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City looks to redesign 'critical' downtown site

Original post made on May 30, 2013

When billionaire developer John Arrillaga proposed last year to build a complex of high-rises and a theater near Palo Alto's downtown Caltrain station, his vision didn't exactly wow the community. Now, the city wants to give the community a chance to offer its own vision for the site around 27 University Ave.

Read the full story here Web Link posted Thursday, May 30, 2013, 9:52 AM

Comments (25)

Posted by Wayne Martin, a resident of Fairmeadow
on May 30, 2013 at 10:20 am

> The report from city planners does not propose any
> particular design but seeks rather to "create a process
> which allows the public to be involved in creating a
> realistic and implementable land use and site design concept"

Shouldn't Palo Alto have a well-established, and honored, planning process, by now? We've been a city for over a hundred years—so why do we have to reinvent the wheel every time a new project comes along?

Something is very, very, wrong with this Planning Department.

Posted by Crescent Park Mom, a resident of Crescent Park
on May 30, 2013 at 10:23 am

Bravo Palo Alto Leadership!

Posted by Anonymous, a resident of Downtown North
on May 30, 2013 at 10:42 am

Hear Hear! Let's hear it for our city officials and let's hear it from our citizens!

Posted by Just don't get it..., a resident of Palo Alto High School
on May 30, 2013 at 10:51 am

Whatever the decision, could one of the "public benefits" please be landscaping the underpass at ECR and University Ave?? It really is a despicable welcome to Palo Alto which has otherwise nicely landscaped medians.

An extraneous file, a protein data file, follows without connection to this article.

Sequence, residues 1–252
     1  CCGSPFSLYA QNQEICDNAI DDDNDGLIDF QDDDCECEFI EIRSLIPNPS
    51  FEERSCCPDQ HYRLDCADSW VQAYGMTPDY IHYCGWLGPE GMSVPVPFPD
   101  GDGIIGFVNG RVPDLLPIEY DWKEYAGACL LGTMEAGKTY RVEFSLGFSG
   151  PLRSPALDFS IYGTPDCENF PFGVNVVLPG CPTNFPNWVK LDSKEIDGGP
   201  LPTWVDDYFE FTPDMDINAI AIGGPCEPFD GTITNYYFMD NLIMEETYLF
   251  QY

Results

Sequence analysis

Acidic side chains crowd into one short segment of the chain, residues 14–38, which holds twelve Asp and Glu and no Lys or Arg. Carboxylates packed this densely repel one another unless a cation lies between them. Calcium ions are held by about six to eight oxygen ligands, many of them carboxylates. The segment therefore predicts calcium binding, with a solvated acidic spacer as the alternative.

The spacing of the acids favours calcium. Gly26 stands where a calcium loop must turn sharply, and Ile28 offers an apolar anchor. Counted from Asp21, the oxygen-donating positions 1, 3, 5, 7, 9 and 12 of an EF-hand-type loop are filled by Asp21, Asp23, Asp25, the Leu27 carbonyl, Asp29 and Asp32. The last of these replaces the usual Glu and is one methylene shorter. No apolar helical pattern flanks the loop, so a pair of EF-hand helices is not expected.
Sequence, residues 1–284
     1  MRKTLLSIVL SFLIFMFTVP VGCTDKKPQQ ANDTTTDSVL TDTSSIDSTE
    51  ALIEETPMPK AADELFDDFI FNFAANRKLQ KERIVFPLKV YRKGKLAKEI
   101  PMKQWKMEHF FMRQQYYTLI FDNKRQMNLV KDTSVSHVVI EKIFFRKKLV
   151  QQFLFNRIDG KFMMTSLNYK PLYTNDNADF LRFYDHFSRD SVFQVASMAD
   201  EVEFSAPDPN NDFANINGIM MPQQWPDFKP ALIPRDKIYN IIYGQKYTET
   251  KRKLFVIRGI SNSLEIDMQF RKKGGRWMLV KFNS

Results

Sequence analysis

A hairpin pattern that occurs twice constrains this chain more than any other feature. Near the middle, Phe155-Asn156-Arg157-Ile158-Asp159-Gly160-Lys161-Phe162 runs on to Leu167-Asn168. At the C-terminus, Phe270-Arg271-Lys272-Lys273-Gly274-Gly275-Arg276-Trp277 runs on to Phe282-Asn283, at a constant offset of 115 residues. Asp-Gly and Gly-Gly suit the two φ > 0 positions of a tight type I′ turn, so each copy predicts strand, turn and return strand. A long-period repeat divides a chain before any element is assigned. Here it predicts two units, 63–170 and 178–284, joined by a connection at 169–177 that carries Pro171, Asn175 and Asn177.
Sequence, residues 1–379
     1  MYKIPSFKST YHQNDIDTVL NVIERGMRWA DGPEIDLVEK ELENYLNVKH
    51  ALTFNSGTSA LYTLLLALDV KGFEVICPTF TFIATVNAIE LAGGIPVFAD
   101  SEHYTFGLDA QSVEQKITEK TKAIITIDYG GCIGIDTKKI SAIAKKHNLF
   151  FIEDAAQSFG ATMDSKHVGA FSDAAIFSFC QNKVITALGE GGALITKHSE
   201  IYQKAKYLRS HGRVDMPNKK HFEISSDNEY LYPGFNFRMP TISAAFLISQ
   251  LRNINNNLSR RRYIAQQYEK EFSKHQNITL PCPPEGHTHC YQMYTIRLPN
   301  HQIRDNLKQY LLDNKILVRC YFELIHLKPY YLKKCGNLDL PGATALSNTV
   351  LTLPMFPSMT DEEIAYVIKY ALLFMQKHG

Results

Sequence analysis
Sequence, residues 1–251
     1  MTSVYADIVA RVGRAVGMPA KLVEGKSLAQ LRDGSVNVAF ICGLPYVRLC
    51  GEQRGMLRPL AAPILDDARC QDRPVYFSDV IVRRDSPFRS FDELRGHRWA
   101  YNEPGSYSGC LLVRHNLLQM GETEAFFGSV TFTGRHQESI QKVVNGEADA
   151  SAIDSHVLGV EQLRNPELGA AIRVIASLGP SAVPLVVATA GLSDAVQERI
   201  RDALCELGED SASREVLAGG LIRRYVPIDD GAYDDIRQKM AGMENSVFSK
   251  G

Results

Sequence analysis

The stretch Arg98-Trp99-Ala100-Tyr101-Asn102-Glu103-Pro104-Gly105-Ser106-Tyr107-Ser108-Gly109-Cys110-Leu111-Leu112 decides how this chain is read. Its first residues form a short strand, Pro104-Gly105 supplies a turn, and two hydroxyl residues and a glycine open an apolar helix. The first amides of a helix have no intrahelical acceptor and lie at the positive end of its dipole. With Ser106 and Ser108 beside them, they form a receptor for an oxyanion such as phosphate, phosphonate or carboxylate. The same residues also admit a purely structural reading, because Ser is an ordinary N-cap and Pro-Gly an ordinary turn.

Posted by CrescentParkAnon., a resident of Crescent Park
on May 30, 2013 at 10:51 am

This seems like a PR stunt to me.

Instead of asking Palo Altans whether they want development or not and what kind, they are saying to a crowd, give us your ideas. Of course like most large and busy populations the ideas submitted will likely be short, idiosyncratic to whomever is responding, and not well thought out.

What I would like to see change in Palo Alto is the development process, but that just seems out of control. For some reason without Palo Altans' input Palo Alto has been chosen to be the city that gets the development. There have been many offices and homes built here ... here in Palo Alto a very problematic city for development because we have very few main arteries to carry traffic. There is no big development in Los Altos, Menlo Park, Atherton where it would make no sense, everything is dumped willy nilly in Palo Alto.

A worse choice probably could not have been made. Embarcadero and Middlefield with their 25MPH speed limit, and the peculiar connection to El Camino and difficulty connecting to 280. University Ave. where most of the businesses are and the city center is also the main artery to move across town.

Maybe our developers know that eventually a decision to expand all of these roads is going to have to be made and huge development contracts will be needed to make it bearable to even turn around in this city.

If I had to weigh-in with no notice and just a wee bit of thought I would say stop the development in Palo Alto and start talking. Find out what the problems are for people and just listen for a while. Find out what the requirements are to make Palo Alto livable again and then write up some goals and a mission statement and try to do that over the next 20 years. Make it a living document and put this city back in the hands of its people instead of just forcing the people to adapt and seeing what happens and trying to fix it when it is unfixable. We are not lab rats. For me it would be fix the infrastructure and find the "hot spots" and just talk about them and see what people think.